The Basics of Motorcycle Safety

Mar 2, 2024


picture of a motorcycle rider on road from the view of a car side mirror motorcycle safety

Hitting the road on two wheels is an exciting experience, but it, of course, comes with its risks. The Basics of Motorcycle Safety guide is here to equip you with the essential knowledge and practices to keep you safe, whether you're a seasoned rider or just starting. Understanding the inherent dangers of motorcycle riding, such as reduced visibility and the higher potential for serious injuries, is the first step. 

But it's the proactive measures you take—like enrolling in safety courses, wearing the right gear, and staying sober—that make all the difference. This guide covers everything from visibility and following traffic laws to selecting the right bike and staying alert. It's your roadmap to safer riding, ensuring you enjoy the thrill of the ride without compromising on safety.

First, how dangerous are motorcycles actually?

Motorcycles are notably riskier than cars due to their open nature, offering less protection to riders. Key factors contributing to their danger include lower visibility to other drivers, a higher likelihood of serious injuries or fatalities in crashes, and the necessity for more advanced riding skills. Statistics from the National Highway Traffic Safety Administration (NHTSA) indicate that motorcyclists are 24 times more likely than car occupants to die in a crash per vehicle mile traveled. The absence of protective barriers, sensitivity to road conditions, and risky behaviors like speeding or not wearing helmets exacerbate these risks. However, adopting safe riding practices, wearing appropriate gear, and continuous skill improvement can significantly mitigate these dangers, allowing for safer riding experiences.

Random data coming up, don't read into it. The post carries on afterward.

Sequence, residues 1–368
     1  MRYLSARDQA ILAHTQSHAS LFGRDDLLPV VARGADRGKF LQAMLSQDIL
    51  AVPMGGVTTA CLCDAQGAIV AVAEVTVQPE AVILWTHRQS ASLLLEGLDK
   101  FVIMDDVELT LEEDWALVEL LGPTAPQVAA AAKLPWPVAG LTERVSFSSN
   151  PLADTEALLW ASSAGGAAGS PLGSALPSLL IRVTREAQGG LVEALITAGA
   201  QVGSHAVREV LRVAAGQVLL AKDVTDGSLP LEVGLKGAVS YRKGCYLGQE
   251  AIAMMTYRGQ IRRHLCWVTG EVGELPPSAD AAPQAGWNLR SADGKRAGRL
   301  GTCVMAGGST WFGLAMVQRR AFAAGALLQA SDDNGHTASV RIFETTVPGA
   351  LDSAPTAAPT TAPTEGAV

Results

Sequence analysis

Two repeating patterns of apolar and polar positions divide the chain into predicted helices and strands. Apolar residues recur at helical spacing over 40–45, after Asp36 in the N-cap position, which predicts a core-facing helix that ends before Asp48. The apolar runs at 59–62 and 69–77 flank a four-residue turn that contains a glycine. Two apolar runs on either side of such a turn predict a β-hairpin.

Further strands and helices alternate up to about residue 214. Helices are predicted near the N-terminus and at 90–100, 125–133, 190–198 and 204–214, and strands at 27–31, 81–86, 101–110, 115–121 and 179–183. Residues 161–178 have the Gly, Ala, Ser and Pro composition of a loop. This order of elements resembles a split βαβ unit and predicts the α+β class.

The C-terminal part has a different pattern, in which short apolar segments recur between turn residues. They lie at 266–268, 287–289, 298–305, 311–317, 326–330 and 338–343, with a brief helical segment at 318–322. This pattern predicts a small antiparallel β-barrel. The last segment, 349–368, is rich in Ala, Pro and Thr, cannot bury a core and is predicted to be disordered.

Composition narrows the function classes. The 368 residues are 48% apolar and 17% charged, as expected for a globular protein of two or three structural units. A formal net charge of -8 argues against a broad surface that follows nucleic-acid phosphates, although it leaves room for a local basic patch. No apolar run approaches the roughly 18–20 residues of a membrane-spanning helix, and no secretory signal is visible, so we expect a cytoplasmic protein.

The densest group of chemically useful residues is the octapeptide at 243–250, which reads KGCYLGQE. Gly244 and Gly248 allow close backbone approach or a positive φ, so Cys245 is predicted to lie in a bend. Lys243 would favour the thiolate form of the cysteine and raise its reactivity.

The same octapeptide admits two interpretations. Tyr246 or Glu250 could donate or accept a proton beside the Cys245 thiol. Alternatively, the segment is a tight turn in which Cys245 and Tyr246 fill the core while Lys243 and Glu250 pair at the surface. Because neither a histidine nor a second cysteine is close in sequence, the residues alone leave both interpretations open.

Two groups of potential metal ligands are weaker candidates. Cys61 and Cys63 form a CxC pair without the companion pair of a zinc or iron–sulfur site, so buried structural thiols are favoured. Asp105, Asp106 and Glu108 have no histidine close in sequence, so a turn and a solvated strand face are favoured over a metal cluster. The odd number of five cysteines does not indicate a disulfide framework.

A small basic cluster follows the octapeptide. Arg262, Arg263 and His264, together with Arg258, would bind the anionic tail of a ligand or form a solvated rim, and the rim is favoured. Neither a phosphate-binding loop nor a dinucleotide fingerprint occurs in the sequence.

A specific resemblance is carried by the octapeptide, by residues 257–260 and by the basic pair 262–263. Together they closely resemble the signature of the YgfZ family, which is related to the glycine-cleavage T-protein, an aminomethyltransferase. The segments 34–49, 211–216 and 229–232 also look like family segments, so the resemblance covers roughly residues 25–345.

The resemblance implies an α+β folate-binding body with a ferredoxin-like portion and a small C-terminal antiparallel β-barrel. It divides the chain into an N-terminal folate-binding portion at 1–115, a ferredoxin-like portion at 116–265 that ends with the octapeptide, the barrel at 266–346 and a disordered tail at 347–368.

Adopt these basics of motorcycle safety to ensure you stay safe on the road:

1. Take a Motorcycle Safety Course

Taking a motorcycle safety course will give you the basics of riding that improve your skills and reduce your likelihood of getting in an accident. Still, it also helps keep you aware of traffic safety laws, tips to avoid accidents and even insurance discounts. For new AND experienced riders alike, this course is a must. 

We recommend courses approved by the Motorcycle Safety Foundation (MSF). Find a course near you HERE

picture of a motorcycle rider and instructor at a motorcycle safety course

2. Stay Visible 

Making sure you're seen is super important for staying safe on your bike. Rock some bright colors or reflective stuff, and double-check those bike lights to make sure they're working and stay ON, regardless of the time of day (which is also the law). It's all about where you place yourself on the road—pick spots where drivers can't miss you and signal early. This way, you're less likely to run into trouble because someone didn't spot you.

3. Follow Traffic Rules

Adhering to traffic laws isn’t optional to stay safe as a motorcyclist. This includes obeying speed limits, signals, and lane markings. Following these rules helps predict your actions and reduces the chances of collisions with vehicles and pedestrians, ensuring a safer riding environment for everyone on the road. Make sure to double-check the state laws that you’re riding in since laws may change across state lines. 

4. Wear a Helmet

A helmet is the most essential piece of safety gear for a motorcyclist. Wearing a DOT-approved helmet can significantly reduce the risk of head injuries and fatalities in the event of a crash. Ensure your helmet fits correctly and is securely fastened every time you ride. Full Face or Modular helmets are the highest-rated type of helmet for safety. 

Renting a motorcycle and don’t have any gear on you? Select bikes available to rent that also offer gear rentals or complimentary safety apparel on Riders Share

5. Inspect Your Bike Before You Ride

Before leaving your driveway, we can’t stress the importance of giving your motorcycle a thorough check-up using the T-CLOCS Inspection Checklist. This mnemonic stands for Tires, Controls, Lights, Oil, Chassis, and Stands, guiding you through a detailed pre-ride evaluation. Inspect your tires for adequate air pressure and tread condition, confirm that all control mechanisms like brakes and clutch operate smoothly, ensure lights and signals are bright and clear, top off any fluids to optimal levels, examine the chassis for integrity and potential issues, and lastly, verify that the stands are sturdy and reliable. Regularly performing this check and fixing any problems before you ride can significantly minimize the chance of breakdowns or mishaps on the road, leading to a safer and more enjoyable journey.

To view a list of motorcycle maintenance checklists, visit HERE